In the 1980s, President Ronald Reagan chopped the highest personal income tax rate from the confiscatory 70% rate that he inherited when he entered office to 28% when he left office and the resulting economic burst caused federal tax receipts to almost precisely double: from $517 billion to $1,032 billion.
Tax revenue doubled! That does sound like a triumph for the tax cut jihadists, doesn't it? But this is Stephen Moore, after all, so perhaps we should take a more careful look:
First, we should adjust for inflation, shouldn't we? In 1980 dollars, $1,032 billion is actually $670 billion.
And of course, population increased over that time too, which naturally increases tax payments. Adjusting for that, tax revenue was $2,283 per person in 1980 and $2,694 per person in 1990.
That's not double. It's an increase of 18%. And it's worth noting that a lot of that is due to consistent tax increases throughout the 1980s (details here). Without that, Reagan wouldn't have gotten even the anemic growth in tax revenue that he did.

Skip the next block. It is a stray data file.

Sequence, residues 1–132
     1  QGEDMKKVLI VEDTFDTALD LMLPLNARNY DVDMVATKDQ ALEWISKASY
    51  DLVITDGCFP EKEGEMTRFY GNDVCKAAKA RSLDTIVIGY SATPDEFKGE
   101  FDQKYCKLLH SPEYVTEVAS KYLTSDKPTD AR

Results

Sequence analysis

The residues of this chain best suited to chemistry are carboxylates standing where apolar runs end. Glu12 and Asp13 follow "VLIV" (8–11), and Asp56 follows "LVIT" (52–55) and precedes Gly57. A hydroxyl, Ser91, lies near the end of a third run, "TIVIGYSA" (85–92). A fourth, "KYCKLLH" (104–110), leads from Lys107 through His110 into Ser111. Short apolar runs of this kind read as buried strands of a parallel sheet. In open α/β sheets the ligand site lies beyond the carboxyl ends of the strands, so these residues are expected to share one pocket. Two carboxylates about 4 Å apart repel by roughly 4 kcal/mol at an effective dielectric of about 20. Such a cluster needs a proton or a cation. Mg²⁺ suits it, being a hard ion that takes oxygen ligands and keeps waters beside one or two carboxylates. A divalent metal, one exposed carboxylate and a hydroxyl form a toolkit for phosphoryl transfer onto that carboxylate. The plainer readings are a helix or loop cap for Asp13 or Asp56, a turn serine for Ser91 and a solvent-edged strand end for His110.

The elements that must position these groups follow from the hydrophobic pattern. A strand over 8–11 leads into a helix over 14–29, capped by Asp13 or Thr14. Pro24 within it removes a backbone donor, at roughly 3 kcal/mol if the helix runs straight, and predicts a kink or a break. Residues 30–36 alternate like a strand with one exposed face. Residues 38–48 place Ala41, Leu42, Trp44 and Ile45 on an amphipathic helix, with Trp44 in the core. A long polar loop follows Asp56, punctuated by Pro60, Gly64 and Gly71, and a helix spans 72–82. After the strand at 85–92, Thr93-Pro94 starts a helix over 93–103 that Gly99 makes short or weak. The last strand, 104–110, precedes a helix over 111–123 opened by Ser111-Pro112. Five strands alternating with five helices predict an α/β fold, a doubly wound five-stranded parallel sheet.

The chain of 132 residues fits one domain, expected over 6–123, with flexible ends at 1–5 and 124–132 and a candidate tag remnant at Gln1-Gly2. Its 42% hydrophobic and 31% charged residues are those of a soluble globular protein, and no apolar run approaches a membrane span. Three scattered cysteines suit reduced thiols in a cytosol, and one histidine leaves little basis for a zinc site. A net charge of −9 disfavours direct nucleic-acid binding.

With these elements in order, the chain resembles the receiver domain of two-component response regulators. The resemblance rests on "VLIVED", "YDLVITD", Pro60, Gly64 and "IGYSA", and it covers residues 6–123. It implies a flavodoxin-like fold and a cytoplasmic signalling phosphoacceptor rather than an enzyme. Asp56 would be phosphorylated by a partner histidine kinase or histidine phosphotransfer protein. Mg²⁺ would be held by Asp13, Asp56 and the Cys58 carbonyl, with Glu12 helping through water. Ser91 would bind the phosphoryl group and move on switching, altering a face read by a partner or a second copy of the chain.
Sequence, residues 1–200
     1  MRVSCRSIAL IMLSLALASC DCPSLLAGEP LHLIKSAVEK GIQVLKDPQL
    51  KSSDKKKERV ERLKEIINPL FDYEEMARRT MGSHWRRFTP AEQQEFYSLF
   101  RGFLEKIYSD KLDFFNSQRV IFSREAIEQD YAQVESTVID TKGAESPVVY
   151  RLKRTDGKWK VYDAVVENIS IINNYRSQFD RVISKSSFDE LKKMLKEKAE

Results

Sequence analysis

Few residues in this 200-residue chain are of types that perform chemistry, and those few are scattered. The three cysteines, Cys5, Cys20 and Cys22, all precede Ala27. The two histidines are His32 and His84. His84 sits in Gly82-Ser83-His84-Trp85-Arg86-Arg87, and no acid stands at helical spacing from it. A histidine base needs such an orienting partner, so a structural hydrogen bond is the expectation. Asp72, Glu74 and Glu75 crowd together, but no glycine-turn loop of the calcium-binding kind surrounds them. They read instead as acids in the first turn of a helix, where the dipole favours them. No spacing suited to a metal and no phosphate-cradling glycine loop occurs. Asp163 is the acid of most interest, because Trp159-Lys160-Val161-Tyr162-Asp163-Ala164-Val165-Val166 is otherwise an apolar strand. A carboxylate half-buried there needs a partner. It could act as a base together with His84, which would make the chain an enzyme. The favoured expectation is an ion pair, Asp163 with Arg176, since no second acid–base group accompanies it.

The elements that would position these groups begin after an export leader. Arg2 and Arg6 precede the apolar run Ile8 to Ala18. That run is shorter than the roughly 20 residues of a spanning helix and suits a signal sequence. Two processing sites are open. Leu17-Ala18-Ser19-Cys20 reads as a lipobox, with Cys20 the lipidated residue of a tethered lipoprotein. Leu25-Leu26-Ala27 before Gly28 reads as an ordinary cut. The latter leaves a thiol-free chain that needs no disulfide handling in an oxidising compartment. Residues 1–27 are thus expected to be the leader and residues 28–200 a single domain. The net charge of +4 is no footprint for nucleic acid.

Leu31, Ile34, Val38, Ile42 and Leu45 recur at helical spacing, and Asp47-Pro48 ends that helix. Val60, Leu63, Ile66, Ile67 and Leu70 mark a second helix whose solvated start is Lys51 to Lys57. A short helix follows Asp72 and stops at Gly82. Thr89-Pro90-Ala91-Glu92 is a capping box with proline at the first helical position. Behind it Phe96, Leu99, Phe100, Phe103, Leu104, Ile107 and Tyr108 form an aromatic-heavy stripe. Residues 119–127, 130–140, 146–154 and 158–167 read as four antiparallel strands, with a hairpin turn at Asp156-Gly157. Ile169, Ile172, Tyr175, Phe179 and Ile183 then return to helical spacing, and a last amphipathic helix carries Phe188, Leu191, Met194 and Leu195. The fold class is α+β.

But wait. Is "anemic growth" fair? Why yes. After all, we can play this game with any decade. Annual tax receipts are here. Adjusting for inflation and population growth, the supposedly horrible 70s produced an increase in tax revenue per person of 25%. The Clinton 90s produced growth of 40%. In fact, Reagan produced the slowest growth in tax revenue of any decade since World War II. That's a real supply side triumph.
The Journal claimed that "the case for linking fossil fuels to global warming has, if anything, become even more doubtful" in recent years. As evidence, the Journal presented a graph from the First Assessment Report of the IPCC, released in 1990 (not available online), which shows that global temperatures were higher 700 years ago than they are today...
The IPCC's Third Assessment Report, however, refutes this claim. The report features a graph similar to the one the Journal touted, but the more recent graph shows that since 1900, fluctuating surface temperatures in the Northern Hemisphere have spiked well beyond pre-industrial levels. The report credited increased amounts of data and technological advancements for its findings: "Since the SAR [Second Assessment Report, 1996], a number of studies based on considerably expanded databases of palaeoclimate information have allowed more decisive conclusions about the spatial and temporal patterns of climate change in past centuries."
What a mess.